I upped the MaxPoolSize firstly from 25->100 and my application ran for several days without a hang and then from 100->1000 and it's been running steady ever since (over 2 weeks).

This isn't the complete solution as I need to find out why it's running out of pooled connections so I also set c3p0's unreturnedConnectionTimeout to 4hrs which enforces a 4hr time limit on all connections regardless of whether they're active or not. If it's an active connection it will close it and re-open again.

Not pretty and c3p0 don't recommend it but it gives me some breathing space to find out the source of the problem.

Note: when using c3p0 with Hibernate the settings are stored in your persistence.xml file but not all settings can be put there. Some settings (e.g. unreturnedConnectionTimeout) must go in

share|improve this question
Try observing the tomcat jvm with jvisualvm in the jdk. – Thorbjørn Ravn Andersen Apr 25 '12 at 21:52
Thanks Thorbjørn. I let jvisualvm run overnight and nothing stood out. GC was happening as expected, plenty of heap space (~30% in use, max 50% used), PermGen was good (~30% used). I didn't have JMX configured for remote access so I didn't get a complete picture. I shut down jvisualvm to drive into work and got a call 30 mins later to say the site was serving up the front page but any database access (login/search) had ground to a halt again. Very strange. – Greg Kennedy Apr 26 '12 at 10:25
there seems to be a similar open issue on solr not yet fixed – JoseK Apr 26 '12 at 10:34

1 Answer 1

You state that the sequence of events is:

  • errors appear
  • Tomcat stops responding
  • restart is required

However, the memory leak error messages only get reported when the web application is stopped. Therefore, something is triggering the web applications to stop (or reload). You need to figure out what is triggering this and stop it.

Regarding the actual leaks, you may find this useful:

It looks both your app and Solr have some leaks that need to be fixed. The presentation will provide you with some pointers. I would also consider an upgrade to the latest 7.0.x. The memory leak detection has been improved and not all improvements have made it into 6.0.x yet.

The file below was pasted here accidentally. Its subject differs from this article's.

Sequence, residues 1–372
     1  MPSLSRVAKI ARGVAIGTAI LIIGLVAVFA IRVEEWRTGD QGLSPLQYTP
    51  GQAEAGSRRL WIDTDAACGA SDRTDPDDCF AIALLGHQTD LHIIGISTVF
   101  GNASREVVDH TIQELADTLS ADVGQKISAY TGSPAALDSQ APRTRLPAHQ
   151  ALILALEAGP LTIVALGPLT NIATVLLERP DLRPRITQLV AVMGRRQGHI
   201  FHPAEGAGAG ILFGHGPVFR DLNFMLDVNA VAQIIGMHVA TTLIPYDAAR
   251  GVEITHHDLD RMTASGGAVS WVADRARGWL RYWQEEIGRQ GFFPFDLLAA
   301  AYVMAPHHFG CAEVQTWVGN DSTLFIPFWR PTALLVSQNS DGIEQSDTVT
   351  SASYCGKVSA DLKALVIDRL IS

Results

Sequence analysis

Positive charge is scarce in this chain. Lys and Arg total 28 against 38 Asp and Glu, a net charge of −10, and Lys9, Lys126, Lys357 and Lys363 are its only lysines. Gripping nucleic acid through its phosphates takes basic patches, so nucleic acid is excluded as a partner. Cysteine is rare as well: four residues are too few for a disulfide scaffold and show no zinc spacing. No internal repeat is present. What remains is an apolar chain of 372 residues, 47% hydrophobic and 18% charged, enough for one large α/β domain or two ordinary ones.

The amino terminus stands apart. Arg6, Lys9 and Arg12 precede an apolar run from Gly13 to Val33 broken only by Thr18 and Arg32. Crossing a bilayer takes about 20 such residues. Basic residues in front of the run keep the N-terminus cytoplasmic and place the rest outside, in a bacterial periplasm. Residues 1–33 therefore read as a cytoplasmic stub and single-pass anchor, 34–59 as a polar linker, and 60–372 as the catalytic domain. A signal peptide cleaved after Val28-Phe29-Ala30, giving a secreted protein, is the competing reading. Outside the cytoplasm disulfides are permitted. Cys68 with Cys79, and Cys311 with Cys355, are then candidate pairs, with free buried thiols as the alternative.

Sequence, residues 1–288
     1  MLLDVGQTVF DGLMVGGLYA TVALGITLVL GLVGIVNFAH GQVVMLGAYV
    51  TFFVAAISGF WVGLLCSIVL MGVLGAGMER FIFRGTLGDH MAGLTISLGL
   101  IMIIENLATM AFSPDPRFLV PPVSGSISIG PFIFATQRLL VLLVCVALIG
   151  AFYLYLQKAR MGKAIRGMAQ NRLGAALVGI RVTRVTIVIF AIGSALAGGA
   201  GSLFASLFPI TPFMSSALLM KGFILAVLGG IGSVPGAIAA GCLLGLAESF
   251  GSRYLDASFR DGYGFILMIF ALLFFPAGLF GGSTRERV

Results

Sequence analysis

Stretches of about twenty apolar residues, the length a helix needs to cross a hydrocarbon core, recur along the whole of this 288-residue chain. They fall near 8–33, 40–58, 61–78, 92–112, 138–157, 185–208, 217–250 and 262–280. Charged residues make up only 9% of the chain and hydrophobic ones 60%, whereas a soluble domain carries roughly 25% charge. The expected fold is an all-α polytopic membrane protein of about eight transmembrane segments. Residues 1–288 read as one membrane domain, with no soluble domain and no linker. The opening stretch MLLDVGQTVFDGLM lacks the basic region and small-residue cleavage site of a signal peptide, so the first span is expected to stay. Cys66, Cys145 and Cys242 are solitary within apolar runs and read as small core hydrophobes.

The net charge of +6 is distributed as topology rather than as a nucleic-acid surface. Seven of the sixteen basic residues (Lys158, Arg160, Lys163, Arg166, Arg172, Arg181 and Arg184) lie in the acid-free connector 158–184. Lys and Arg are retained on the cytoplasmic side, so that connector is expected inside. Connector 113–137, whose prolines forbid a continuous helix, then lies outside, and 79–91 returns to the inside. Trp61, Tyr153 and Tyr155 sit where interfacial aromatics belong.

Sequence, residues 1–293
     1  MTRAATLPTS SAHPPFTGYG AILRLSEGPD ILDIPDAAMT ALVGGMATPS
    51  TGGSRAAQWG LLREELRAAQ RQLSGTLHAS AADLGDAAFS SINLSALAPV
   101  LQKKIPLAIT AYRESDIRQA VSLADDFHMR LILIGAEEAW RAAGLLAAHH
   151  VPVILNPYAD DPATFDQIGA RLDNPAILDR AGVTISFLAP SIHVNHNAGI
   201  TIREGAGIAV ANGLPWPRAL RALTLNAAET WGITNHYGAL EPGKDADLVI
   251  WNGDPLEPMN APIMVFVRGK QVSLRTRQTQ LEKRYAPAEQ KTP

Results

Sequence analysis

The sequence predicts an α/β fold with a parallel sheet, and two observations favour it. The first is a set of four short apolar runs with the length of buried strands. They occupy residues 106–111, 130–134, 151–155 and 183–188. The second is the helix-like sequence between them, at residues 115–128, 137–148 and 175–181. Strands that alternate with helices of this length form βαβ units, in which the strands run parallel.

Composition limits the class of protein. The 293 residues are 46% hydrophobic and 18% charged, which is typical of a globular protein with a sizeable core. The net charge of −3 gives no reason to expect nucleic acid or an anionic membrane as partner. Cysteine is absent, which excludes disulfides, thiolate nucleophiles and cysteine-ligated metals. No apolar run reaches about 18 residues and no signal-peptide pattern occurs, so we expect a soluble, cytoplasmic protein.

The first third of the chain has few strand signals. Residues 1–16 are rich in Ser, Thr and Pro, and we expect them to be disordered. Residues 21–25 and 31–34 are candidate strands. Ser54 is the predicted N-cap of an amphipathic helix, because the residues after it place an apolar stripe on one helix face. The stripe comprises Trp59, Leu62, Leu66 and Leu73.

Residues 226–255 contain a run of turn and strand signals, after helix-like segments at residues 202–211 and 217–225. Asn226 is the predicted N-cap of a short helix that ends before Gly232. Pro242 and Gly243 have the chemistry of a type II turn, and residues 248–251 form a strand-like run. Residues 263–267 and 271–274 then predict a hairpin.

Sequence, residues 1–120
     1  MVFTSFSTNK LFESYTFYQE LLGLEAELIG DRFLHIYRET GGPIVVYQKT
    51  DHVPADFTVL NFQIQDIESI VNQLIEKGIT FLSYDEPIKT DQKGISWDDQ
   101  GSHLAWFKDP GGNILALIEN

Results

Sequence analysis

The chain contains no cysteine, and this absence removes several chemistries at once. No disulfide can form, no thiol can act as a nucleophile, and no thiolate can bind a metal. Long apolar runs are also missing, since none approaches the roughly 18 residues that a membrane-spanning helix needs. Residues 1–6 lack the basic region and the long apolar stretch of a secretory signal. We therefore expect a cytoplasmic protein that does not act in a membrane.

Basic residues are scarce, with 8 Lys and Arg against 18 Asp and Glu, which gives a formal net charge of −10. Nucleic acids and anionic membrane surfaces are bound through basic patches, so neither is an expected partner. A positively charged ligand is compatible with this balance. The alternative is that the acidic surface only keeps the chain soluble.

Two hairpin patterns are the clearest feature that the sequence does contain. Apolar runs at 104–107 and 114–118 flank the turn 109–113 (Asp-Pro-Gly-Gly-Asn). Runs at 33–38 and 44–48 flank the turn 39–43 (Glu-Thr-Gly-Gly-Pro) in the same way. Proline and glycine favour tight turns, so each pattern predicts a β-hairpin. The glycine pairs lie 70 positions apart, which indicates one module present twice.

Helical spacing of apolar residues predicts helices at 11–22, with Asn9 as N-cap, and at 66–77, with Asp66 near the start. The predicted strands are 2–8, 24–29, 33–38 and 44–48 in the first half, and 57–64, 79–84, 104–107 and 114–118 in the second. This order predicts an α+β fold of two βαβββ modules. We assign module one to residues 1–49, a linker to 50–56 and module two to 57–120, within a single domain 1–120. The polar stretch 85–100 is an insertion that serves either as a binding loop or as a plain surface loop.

share|improve this answer
Thanks Mark, I took your advice and moved over to TC7 but as you rightly pointed out I had the cart before the horse i.e. the problem only looked like it was causing a memory leak but was in fact a result of the problem not the other way around. When I installed TC7 it could find no leaks so I began to look in other areas and it turns out it was a DB connection pooling lockup that was causing the problem as noted above. – Greg Kennedy May 19 '12 at 11:27
@Mark , Just now saw your excellent presentation. i have a question , you are saying tomcat will help in application created leaks (Tomcat can try and clear the ThreadLocal ,Tomcat can try and stop the thread). So what point of time tomcat will take care of these , how tomcat decides these are of no use and should be removed? – Vipin Feb 19 '14 at 6:29
@Vipin Tomcat will attempt to fix these issues when the web application is stopped. Tomcat decides they need to be removed because they have been loaded by the web application class loader which - at the point the web application is stopped, should not be being used any more. – Mark Thomas Mar 4 '14 at 23:18